Now these overall figures indicate a dramatic shift for BHP over a 10 year period, and are clearly the result of a long term effort to achieve a rebalancing of their workforce. But it isn’t as strong a picture as it might seem.
BHP, like many large organisations, does not count a huge portion of their workforce as employees, because they are contractors. Contractors outnumber employees, making up 60% of the BHP workforce, according to their 2019 annual report. As you would expect, BHP does not take responsibility for their contractors’ workforce, saying that they “encourage and work with supply chain partners to support our commitment to inclusion and diversity”.
In theory, any publicly listed company could use outsourcing to achieve a given workforce metric or diversity target. It is clearly going to be a lot easier to quickly hit a public target if you can simply reduce your workforce and use more contractors.
So, gaming the KPIs is clearly possible, and relatively easy. But that doesn’t mean that there isn’t an opportunity to still improve diversity in the contracting workforce. Given the long-term nature of mining projects, and the asymmetry that can often exist when large organisations procure from suppliers and engage workforce contractors, it is certainly plausible to believe that BHP could rapidly drive change through their supply chain. Risk management concerns might also cause BHP’s leadership to consider rebalancing to more direct employment, which could also accelerate change.
Overall organisation level measurements are important, but so are the same KPIs when measured at a regional, divisional, and team level. Similarly, gender is one diversity lens, but it is certainly not the only lens that organisations should be considering.
BHP now reports significant information about their efforts to improve indigenous employment within their Australian workforce, and information about their efforts at LGBT inclusion. BHP report that 5% of their workforce in the Minerals Australia division is indigenous, with a target to achieve 5.75% by end of FY2020.
Public sector leaders are used to dealing with transparency relating to their workforce measurements. But that doesn’t make dealing with diversity challenges any easier.
The NSW Government publishes their annual State of the Public Sector report of their workforce, which is one of Australia’s largest, with approximately 338,000 FTE, with a total of 408,000 when casual and temporary employees are included.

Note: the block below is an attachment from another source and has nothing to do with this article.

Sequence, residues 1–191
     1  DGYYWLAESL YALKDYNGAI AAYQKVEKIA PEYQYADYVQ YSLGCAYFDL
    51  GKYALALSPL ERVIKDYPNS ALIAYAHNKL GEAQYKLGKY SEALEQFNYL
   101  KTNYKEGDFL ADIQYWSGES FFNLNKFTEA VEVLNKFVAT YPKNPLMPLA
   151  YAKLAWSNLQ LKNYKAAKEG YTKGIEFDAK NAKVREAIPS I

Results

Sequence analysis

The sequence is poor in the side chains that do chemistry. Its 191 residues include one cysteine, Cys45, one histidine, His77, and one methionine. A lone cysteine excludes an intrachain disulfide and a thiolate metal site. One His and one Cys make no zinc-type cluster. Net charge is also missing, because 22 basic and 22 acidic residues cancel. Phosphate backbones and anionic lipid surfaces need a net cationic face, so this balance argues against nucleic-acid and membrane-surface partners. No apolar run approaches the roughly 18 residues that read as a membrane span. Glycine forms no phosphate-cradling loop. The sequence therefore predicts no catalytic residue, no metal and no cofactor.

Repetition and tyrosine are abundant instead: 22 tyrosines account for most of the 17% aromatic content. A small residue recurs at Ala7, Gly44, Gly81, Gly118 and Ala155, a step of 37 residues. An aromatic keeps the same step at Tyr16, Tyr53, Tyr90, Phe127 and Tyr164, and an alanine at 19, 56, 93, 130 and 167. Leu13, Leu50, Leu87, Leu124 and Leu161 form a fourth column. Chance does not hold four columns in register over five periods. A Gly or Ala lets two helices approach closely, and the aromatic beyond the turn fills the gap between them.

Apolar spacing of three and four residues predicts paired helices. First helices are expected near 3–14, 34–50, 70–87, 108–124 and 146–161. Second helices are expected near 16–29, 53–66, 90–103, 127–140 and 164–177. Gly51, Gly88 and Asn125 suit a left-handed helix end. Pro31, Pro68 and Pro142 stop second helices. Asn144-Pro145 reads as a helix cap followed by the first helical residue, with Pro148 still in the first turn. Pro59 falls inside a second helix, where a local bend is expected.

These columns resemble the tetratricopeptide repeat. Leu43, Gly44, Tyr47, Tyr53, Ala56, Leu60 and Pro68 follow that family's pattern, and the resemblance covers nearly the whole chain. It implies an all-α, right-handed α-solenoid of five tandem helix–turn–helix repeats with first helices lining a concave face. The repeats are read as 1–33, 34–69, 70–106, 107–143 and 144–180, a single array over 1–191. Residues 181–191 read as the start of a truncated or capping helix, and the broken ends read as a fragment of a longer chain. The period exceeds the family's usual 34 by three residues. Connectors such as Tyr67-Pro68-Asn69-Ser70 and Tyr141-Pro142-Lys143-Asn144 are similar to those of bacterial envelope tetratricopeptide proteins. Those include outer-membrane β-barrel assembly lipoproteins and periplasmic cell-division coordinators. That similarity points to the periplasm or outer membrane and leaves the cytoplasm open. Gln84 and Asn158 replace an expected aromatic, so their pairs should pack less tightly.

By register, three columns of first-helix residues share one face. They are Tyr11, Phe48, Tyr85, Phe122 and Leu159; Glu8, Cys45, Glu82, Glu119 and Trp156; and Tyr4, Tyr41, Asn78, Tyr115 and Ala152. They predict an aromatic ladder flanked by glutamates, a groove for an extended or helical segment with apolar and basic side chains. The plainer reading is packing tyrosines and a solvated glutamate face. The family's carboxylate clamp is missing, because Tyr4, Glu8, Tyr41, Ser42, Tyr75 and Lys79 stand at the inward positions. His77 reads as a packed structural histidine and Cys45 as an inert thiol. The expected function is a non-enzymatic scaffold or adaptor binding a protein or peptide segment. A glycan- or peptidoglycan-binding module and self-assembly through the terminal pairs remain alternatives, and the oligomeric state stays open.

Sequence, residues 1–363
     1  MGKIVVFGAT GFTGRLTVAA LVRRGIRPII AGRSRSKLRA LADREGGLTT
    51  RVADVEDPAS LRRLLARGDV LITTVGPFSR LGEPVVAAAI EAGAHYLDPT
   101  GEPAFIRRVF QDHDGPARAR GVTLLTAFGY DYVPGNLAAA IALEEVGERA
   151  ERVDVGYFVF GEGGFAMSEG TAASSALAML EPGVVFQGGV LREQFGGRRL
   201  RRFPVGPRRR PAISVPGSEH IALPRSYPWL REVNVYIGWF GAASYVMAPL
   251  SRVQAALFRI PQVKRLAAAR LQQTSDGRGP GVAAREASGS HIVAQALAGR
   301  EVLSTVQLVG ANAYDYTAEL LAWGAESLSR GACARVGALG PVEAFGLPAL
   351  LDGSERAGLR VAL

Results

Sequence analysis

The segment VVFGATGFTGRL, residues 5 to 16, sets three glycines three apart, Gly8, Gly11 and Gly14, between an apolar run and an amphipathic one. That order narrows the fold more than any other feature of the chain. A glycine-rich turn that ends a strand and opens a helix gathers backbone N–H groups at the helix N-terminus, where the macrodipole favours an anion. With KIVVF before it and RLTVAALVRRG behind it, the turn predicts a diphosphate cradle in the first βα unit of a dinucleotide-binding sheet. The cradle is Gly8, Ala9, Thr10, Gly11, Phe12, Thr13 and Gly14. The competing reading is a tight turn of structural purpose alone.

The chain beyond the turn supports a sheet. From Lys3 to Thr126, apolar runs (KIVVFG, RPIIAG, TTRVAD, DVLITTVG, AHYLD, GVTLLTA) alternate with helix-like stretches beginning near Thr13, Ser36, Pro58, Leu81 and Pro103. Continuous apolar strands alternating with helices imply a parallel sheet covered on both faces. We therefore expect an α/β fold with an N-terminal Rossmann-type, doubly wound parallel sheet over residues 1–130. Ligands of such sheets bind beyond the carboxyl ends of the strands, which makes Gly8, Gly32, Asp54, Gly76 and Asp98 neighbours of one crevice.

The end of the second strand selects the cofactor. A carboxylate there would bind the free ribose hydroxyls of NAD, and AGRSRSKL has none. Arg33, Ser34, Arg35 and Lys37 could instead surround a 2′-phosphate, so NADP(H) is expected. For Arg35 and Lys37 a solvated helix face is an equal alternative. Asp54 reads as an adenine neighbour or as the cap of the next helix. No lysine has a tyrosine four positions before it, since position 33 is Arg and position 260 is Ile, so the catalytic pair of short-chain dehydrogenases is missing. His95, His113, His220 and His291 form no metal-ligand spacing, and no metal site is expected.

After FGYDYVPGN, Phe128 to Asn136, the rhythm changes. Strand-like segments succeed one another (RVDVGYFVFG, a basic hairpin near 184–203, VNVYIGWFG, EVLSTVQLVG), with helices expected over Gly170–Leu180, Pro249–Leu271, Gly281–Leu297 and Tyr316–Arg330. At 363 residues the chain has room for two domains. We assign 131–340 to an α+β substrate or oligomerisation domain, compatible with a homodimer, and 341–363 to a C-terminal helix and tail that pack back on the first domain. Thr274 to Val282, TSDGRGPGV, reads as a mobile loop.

In the 2019 report, overall, 65.4% of the NSW Government workforce are female, 3.5% Aboriginal, 2.5% people with disability, and 4.1% LGBTI. The largest FTE employment clusters are Health (121,000) and Education (106,000), industry sectors which have workforces that have traditionally been skewed towards female participation.
Even with a largely female workforce, NSW Government still has a lack of women in senior leadership positions. Across all senior leadership positions, 40.3% are women in 2019, with a target of 50% by 2025. But a more detailed look at the results shows that while women leaders are well represented in entry level leadership positions, the situation dramatically reverses for more senior roles.
Workforce diversity and inclusion can directly impact team level performance, problem solving, innovation. There is ample research evidence showing that organisations with diverse leadership teams produce stronger decisions, and outperform.
From a performance management perspective, it seems clear that diversity KPIs should now be part of the toolkit used to ensure that leadership at all levels of an organisation are in alignment with board level strategic goals.
Any leader who delivered consistently poor performance for financial KPIs would not expect to keep their job for long. The writing is on the wall. Leaders who fail to consistently deliver outcomes relating to workforce and team diversity are likely to face a lot more scrutiny, and pressure to lift their game.